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Self-Care and Supplements

Updated: Jan 22

No matter how balanced you think your diet is, you find out that you are lacking in minerals and vitamins. And that's often the foundation for many aches and pains as we age. That's because the body's system, its ability to absorb and retain nutrients, depletes each year with age.

Self-care is the practice of taking care of your physical, mental, and emotional well-being. It can help you cope with stress, improve your mood, and boost your immune system. One way to practice self-care is to take supplements that can support your health and wellness goals.

Supplements are products that contain vitamins, minerals, herbs, or other substances that can enhance your diet and provide additional benefits. Common supplements include multivitamins, omega-3 fatty acids, probiotics, antioxidants, and adaptogens. However, not all supplements are created equal; some may have side effects or medication interactions.

Before taking any supplements, you should:

  1. Consult your doctor or a qualified health professional to determine if they are safe and suitable.

  2. Research and read the labels carefully to understand the supplements' ingredients, dosage, and research quality.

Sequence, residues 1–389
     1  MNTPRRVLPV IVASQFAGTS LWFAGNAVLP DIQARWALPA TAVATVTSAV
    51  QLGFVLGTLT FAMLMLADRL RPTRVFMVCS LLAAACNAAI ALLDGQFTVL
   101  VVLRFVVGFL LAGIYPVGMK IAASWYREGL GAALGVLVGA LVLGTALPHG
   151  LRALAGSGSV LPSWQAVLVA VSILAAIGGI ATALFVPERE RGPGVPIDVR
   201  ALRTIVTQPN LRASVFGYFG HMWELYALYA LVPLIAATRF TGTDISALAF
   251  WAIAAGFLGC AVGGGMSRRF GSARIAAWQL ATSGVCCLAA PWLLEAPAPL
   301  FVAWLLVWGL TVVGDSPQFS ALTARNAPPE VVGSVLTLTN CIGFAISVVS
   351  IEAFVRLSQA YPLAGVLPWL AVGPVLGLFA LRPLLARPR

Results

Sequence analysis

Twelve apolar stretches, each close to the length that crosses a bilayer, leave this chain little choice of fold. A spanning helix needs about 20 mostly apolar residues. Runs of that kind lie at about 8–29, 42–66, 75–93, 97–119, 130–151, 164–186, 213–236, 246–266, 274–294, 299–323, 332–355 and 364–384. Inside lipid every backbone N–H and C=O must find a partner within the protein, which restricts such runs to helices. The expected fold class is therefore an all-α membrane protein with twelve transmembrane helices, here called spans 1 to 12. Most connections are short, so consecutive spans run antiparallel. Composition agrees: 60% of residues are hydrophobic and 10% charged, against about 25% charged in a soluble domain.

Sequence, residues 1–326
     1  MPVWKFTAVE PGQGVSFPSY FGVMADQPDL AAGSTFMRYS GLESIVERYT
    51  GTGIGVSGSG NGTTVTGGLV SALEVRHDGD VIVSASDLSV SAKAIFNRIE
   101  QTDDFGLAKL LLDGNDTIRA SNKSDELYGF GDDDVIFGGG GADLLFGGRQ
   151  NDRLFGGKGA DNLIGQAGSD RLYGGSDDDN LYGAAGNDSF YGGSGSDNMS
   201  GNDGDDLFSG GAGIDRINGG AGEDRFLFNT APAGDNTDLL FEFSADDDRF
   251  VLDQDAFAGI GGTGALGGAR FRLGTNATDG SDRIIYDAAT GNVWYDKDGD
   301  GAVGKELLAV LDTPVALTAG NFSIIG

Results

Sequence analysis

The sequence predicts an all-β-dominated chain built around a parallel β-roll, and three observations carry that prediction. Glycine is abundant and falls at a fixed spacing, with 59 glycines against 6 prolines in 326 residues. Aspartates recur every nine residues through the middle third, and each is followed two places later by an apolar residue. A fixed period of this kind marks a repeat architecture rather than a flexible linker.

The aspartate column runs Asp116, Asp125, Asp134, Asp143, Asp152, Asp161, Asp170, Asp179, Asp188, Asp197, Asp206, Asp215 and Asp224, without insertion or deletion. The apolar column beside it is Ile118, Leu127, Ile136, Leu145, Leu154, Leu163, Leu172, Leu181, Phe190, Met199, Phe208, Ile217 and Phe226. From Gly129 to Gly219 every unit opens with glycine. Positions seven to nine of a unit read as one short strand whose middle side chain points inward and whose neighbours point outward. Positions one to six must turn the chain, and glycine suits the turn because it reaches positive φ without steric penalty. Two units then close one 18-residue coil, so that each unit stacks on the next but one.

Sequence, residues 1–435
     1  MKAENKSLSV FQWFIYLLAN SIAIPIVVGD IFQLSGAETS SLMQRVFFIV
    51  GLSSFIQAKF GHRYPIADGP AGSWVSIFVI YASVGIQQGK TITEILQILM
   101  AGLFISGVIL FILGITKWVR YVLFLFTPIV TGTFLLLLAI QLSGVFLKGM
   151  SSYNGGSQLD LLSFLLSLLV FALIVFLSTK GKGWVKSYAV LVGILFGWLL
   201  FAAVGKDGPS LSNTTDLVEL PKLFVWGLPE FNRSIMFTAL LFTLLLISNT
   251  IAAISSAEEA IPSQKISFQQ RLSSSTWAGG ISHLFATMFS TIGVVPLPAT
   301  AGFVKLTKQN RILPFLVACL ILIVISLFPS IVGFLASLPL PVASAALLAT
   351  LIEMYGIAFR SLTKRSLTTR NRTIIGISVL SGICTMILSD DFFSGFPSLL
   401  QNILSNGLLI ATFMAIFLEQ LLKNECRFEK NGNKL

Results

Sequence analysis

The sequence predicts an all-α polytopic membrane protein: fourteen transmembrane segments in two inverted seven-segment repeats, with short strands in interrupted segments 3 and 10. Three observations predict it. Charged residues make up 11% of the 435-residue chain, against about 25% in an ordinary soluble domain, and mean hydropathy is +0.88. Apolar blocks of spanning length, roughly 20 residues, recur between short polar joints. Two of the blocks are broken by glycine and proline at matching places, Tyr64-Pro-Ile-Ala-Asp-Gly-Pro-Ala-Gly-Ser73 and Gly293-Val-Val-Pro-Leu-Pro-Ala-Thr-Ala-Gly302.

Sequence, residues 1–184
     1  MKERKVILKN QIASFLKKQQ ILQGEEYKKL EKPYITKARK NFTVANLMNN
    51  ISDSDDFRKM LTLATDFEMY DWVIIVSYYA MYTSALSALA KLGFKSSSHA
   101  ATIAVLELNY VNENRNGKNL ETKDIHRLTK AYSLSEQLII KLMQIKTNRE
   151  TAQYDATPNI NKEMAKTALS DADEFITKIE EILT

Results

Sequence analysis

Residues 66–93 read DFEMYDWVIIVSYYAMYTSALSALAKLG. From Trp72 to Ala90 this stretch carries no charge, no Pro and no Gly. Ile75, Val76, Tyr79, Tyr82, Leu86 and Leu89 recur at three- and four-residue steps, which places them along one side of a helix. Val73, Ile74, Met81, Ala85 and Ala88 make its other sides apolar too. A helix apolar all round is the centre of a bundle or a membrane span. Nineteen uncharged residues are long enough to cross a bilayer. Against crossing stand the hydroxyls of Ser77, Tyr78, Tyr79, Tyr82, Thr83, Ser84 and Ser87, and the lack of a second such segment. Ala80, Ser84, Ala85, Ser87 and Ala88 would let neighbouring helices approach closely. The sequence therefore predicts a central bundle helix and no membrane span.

3. Buy supplements from reputable sources and follow the instructions on how to use them.

Taking supplements can be a part of your self-care routine, but they are not a substitute for a balanced diet, regular exercise, adequate sleep, and other healthy habits. You should also monitor your progress and adjust your supplement intake as needed. Remember that self-care is not selfish but a way to take charge of your health and happiness.

Key supplements are magnesium, vitamin D (women), and Zinc and vitamin D (men). Please do your research as to the best magnesium for you. There are quite a few out there. I know magnesium citrate acts like a laxative, so if you suffer from constipation, that's probably your best option (see point 1 above)

As we all know, vitamin D deficiency has been linked to cancer and other chronic diseases. For those living in hot climates, how often do you stand under the early morning sun rays (vitamin D)? In addition, our melanin, as beautiful as it is, also blocks the absorption of the rays.

Forms of supplement

How you should take your supplement is really up to you. Two things to remember are 1) Not all supplements are made in all the forms outlined below. 2) any pre-existing medical considerations. I have outlined the basic pros and cons of each form.

  1. Tablets are easily available and cheap to buy but consist of bulking agents.

  2. Gummies are fun, flavored, and easy to use but have added sugar.

  3. Liquide supplements are most readily absorbed and tolerated but not known for their delicious flavor.

  4. Capsules are cost-effective and offer better stability and better absorption. However, you cannot adjust the dose, and they are not suitable for people with difficulty swallowing pills.

  5. Liposomes are great for avoiding breakdown caused by stomach acid but can be costly and hard to find.

  6. Powdered supplements are easy to take by all age groups but inconvenient to mix up if you are on the go and don't have access to a liquid, in addition to its taste and texture.

In essence, supplements are there to supplement and not replace and should be taken in addition to a well balanced diet.

Self-Care is Your-Care

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